The history of poisons dates to earliest times. Ancient man undoubtedly observed toxic effects in nature partly on a serendipitous basis as, for example, when he noted a harmful or fatal effect follow the casual ingestion of some plant or animal product by one of his fellow tribesmen. But serendipity was not the only mechanism of discovery. Assuredly, man experimented with natural products in an effort to improve his arsenal of weapons, the better to achieve success when waging war with his enemies.
Modern toxicology is characterized by extremely sophisticated scientific investigation and evaluation of toxic exposures of all kinds. To a large degree this has been made possible by the widespread application of computers to analytical equipment. Coupled with other chemical and electronic innovations modern instruments can detect quantities of toxins that are much smaller than those that could be measured in the past. Analytic methods are not only highly sensitive but they are also capable of extreme specificity so that compounds can be implicated in poisoning episodes to the near certain exclusion of other highly similar compounds. In the course of this text the reader will learn to appreciate the sophistication and application of technologies such as chromatography-mass spectrometry, inductively coupled plasmas, and many of the novel ways that antibodies have been employed to allow rapid and sensitive drug detection.
In modern times most poisoning episodes relate to synthetic products. Obviously, at an earlier and simpler time before technology permitted us to make better toxins, plant extracts and animal poisons were the poisons of choice. The Egyptian manuscript known as the Ebers Papyrus, approximately 1500 B.C., tells us that arsenic, lead, antimony, mandrake, hemlock, opium, aconite, and some other plant products were known for their poisonous properties even at that early time. Ancient poisons were used as weapons, but a unique feature of ancient use was the often ceremonial character of their application. Some poisons were ordeal agents, i.e., they were provided to a victim as an alleged means of deciding guilt or innocence. If the accused survived the exposure to the poison, the gods were smiling upon him and affirming his innocence.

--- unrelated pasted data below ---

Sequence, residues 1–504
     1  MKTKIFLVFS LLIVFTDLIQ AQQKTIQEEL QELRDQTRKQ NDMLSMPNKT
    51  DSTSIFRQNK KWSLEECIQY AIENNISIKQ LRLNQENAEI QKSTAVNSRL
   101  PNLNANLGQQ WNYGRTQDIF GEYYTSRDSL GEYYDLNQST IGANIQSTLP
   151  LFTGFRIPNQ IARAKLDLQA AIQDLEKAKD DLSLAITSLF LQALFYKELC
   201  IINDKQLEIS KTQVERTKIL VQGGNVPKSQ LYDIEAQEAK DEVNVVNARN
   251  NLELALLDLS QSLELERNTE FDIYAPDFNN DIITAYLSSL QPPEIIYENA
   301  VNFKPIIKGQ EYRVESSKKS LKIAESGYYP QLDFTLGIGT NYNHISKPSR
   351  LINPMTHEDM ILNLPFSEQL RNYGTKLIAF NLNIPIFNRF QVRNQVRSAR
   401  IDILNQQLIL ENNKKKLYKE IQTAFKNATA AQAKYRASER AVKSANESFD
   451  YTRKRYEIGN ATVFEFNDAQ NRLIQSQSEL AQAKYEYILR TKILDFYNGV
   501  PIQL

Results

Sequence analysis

More than 16,000 years before Christ, the Masai tribe of Kenya used poisons in darts and arrows to increase the lethality of their weapons and assure successful hunting. Among those arrow tip toxins was strophanthin, a cardiotoxic agent derived from plants indigenous to Kenya. Nor was the concept of arrows dipped in poison limited to Africa. In ancient India, as recorded in Rg Veda, an Indian text of 1100 B.C., aconitine was employed to charge arrows. The Greeks used hellebore, as described by Homer, in the same manner. The Romans dipped their arrows and darts into the blood of serpents. This practice is related by Ovid who lived from 43 B.C. to 18 A.D.
Ultimately, attempts were made to introduce a modicum of organization into the growing knowledge of poisons. These rudimentary efforts at classification included the division of poisons into those which are slow acting such as arsenic vs. fast-acting substances like strychnine. Dioscorides, a Roman physician, divided poisons according to their origin as vegetable, mineral, or animal.